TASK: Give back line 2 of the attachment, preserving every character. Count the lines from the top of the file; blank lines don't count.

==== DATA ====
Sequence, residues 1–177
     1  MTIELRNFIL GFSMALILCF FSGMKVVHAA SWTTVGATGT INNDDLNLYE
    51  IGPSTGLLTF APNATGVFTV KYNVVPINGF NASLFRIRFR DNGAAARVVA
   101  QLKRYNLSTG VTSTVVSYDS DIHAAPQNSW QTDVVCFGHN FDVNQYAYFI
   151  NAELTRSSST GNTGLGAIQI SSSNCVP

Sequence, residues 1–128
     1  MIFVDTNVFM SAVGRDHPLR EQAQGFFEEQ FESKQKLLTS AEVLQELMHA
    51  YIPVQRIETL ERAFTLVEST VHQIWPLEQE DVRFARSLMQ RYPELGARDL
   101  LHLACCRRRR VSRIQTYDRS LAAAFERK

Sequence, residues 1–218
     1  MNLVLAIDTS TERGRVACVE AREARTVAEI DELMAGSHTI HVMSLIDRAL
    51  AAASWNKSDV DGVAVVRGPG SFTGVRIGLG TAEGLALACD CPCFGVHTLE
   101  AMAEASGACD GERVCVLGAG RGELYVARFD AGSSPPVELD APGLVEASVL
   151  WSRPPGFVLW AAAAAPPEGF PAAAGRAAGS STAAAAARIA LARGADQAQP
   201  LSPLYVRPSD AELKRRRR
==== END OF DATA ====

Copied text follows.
     1  MTIELRNFIL GFSMALILCF FSGMKVVHAA SWTTVGATGT INNDDLNLYE